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22nd Annual MIS Conference 2009

Concurrent Session XII Presentations


Friday, February 20, 2009
9:45 - 10:45


 
XII–A Making Mole Hills Out of Mountains of Data: Professional Development to Survive the Data Deluge
Denise Airola and Sean Mulvenon, University of Arkansas
Mickey Garrison, Oregon Department of Education
    Data-driven decision making in education permeates all levels with the explicit goal of improving student achievement. Schools, districts, and state education agencies (SEAs) enjoy access to an unprecedented amount of educational data. However, realization of the true potential of data-driven decision making—improved student achievement—continues to be a hit or miss proposition. The critical nexus of data-driven decision making is assessment literacy and educational data analysis literacy linked to instructional practice. This session highlighted key content in professional development designed to overcome the data deluge for educators by developing essential skills and concepts in data and assessment literacy.

Sessions in Other track:

 
XII–C From Data to Information: Perspectives on Policy and Practice
Deborah Lindsey, Milwaukee Public Schools
Jeffery Watson and Sara Kraemer, Wisconsin Center for Education Research, University of Wisconsin-Madison
    This panel presented two perspectives of data use in a large urban school district that focus on identifying what works. Deborah Lindsey, Director of Research and Assessment at Milwaukee Public Schools (MPS), discussed how MPS currently leverages its data warehouse to support school-level and district-level planning and decision making. Jeff Watson, researcher at the Wisconsin Center for Education Research and project lead for the Integrated Resource Information System (IRIS) project, described methods, successes, and challenges associated with extending the capacity of the MPS data warehouse to inform decisions related to planning and assessing the impact of resource allocations.

Download Zipped PowerPoint Presentation:

Sessions in Data Use/Data Standards track:

 
XII–D Using GIS to Example Spatial and Demographic Trends in High School Dual Enrollment and Advanced Science and Mathematics Coursetaking
Will Tyson, Reginald Lee, and Kathryn Borman
Alliance of Applied Research in Education and Anthropology University of South Florida
    Geographic Information Systems (GIS) allows users to interpret data to map spatial relationships and trends. A new technique in education research is using spatial data to understand disparities in achievement outcomes. This session used Florida's PK-20 Education Data Warehouse data to examine demographic trends in dual enrollment and advanced placement science and mathematics course-taking among Florida high school students. Geographic Information Systems permit spatial illustration of relationships between race and socioeconomic variables and student outcomes at the neighborhood (census tract) or school level allowing for the exploration of links between teacher and student variables in a school-level analysis of science, technology, engineering, and mathematics (STEM) pathways within Florida school districts.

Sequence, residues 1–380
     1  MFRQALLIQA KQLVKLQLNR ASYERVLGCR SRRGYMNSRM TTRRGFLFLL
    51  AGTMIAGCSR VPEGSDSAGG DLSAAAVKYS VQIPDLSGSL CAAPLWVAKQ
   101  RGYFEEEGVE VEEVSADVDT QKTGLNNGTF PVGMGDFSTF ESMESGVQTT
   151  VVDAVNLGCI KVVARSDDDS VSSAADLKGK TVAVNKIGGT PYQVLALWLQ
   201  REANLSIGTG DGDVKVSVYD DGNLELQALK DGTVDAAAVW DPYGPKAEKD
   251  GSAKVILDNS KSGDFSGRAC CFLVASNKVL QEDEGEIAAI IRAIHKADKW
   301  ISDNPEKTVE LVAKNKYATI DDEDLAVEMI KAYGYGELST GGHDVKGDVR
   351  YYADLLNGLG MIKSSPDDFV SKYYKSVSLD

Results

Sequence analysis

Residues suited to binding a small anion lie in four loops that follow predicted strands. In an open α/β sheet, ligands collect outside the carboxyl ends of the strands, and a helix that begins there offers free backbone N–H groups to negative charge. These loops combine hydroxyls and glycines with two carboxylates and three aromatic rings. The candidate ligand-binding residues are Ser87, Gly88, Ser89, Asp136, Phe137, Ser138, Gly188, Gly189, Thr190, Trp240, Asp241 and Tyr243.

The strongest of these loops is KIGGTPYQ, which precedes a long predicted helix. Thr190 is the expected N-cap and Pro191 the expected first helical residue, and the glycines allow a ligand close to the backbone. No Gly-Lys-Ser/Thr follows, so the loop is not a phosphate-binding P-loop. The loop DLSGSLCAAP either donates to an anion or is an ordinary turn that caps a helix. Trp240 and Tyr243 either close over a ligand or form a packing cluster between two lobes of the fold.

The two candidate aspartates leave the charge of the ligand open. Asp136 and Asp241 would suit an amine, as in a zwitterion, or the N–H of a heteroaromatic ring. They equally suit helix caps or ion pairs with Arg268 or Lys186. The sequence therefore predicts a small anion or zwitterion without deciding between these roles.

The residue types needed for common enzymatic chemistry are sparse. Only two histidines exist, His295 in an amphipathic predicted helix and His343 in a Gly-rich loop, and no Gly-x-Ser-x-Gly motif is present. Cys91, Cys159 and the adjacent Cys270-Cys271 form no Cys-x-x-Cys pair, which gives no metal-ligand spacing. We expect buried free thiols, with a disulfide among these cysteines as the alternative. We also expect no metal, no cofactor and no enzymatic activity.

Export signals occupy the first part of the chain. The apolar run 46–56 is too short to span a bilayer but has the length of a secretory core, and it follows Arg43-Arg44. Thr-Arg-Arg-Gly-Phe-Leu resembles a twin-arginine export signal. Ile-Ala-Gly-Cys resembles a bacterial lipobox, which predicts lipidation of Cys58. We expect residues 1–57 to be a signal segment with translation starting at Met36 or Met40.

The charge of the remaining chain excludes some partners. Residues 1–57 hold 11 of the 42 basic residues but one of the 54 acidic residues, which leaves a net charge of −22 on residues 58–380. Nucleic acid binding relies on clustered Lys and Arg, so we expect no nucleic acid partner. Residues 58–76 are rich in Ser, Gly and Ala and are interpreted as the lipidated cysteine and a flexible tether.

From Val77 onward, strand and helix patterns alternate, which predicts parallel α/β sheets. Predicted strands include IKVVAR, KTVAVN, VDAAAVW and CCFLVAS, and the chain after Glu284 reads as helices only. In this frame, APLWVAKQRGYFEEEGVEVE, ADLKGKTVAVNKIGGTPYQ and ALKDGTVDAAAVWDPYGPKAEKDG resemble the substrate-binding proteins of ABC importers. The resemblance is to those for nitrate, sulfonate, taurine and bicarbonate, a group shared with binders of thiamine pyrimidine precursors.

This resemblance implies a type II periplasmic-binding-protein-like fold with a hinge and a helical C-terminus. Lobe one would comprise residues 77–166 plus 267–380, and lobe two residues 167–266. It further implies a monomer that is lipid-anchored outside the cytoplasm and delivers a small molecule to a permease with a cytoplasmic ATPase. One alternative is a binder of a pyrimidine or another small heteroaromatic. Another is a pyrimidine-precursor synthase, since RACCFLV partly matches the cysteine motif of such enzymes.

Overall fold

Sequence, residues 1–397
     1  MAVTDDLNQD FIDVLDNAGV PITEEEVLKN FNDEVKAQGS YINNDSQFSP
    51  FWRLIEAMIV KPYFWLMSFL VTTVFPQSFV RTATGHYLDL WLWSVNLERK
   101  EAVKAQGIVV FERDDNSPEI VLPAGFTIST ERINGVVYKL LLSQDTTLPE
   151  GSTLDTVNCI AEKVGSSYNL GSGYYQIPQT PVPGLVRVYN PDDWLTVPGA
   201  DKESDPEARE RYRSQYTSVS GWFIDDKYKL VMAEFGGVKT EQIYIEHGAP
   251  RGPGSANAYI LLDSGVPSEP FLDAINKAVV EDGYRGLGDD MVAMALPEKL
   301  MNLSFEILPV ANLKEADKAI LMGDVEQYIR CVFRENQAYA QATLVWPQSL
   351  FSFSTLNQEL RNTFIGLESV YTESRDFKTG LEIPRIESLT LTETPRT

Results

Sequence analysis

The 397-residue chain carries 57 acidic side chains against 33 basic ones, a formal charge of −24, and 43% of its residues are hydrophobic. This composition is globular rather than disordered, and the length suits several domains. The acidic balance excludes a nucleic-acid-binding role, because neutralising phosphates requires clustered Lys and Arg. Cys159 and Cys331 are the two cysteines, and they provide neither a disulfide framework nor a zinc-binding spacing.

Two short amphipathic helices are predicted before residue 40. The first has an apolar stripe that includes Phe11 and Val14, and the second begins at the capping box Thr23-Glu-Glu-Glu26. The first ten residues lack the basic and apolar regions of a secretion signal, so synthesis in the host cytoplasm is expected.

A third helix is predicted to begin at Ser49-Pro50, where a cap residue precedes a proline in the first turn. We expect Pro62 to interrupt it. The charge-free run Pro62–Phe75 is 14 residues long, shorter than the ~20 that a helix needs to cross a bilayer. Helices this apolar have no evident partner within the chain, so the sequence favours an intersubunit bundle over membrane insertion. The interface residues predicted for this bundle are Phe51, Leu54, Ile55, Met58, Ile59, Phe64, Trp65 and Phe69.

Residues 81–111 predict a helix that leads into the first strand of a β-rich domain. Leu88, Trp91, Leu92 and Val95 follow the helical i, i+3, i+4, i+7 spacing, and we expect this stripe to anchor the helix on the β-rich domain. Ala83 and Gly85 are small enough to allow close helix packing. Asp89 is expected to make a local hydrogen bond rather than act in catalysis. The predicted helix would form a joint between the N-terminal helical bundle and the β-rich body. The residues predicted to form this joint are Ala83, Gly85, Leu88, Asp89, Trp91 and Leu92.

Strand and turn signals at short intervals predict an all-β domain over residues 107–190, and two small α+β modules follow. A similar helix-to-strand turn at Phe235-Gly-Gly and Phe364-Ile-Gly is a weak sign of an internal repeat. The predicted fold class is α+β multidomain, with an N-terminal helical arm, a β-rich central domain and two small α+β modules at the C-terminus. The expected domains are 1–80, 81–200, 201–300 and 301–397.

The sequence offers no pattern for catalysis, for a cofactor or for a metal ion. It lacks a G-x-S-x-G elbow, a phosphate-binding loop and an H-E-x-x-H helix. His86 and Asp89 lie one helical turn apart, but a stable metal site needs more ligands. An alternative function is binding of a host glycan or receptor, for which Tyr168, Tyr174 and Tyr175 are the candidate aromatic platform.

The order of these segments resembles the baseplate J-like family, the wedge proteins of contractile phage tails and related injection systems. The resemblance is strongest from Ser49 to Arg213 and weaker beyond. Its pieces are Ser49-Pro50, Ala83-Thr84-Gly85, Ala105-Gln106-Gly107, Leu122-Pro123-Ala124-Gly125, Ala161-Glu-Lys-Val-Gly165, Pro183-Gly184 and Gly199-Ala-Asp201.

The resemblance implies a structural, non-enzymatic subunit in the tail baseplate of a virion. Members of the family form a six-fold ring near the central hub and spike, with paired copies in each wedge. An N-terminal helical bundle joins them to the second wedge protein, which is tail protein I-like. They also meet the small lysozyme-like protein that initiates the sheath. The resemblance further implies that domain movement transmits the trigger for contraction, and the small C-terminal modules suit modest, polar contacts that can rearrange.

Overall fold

Sessions in Data Use/Data Standards track:

 
XII–G Cohort Dropout Rates
Susan Williams, Virginia Department of Education
    Are you up late at night thinking about longitudinal reporting? Are you daydreaming about what your state will do after an on-time graduation rate is published? This interactive discussion was for those who cannot stop thinking about cohort dropout rates. The presenter shared Virginia's methodology and lessons learned along the way, with time for group discussion.

Sessions in Longitudinal Data Systems (LDS) track:

 
XII–H Collecting Data About K-12 Buildings: A Pilot Project in Washington State
Nina Oman, Washington State Joint Legislative Audit and Review Committee
    Washington state policymakers are increasingly interested in better information about K-12 facilities, such as whether there is enough space to offer all-day Kindergarten, and how many specialized spaces such as science laboratories are available in schools. However, currently there is no statewide source of standardized, automated data for K-12 buildings that includes inventory, condition, and use of space information. To explore how to solve this problem, the Washington State Legislature assigned the Joint Legislative Audit and Review Committee the task of developing a pilot system for K-12 public school facilities in the state. Ten participating school districts will be asked to report information about their buildings, including detailed ratings of condition and use of space at the classroom level. A report will be provided to the Legislature in January 2010 describing the results of the pilot and the feasibility of expanding it statewide. This presentation described: the design of the pilot, the scope of data to be collected in the pilot, methodology for collecting the data, and an implementation plan.

Download Zipped PowerPoint Presentation:

Sessions in Other track:

 
XII–I Using the NAEP Data Explorer
Angie Mangiantini, Washington State Office of Superintendent of Public Instruction
    This presentation focused on the use of National Assessment of Educational Progress (NAEP) Data Explorer (NDE) to extract data by state and for use in state comparisons. Explanation of the variables was explored. Use of the analysis tools within the NDE was discussed. The new soon-to-be-released version of the NDE was also reviewed. Participants were assumed to have a basic understanding of statistics.

Sessions in Washington State track:

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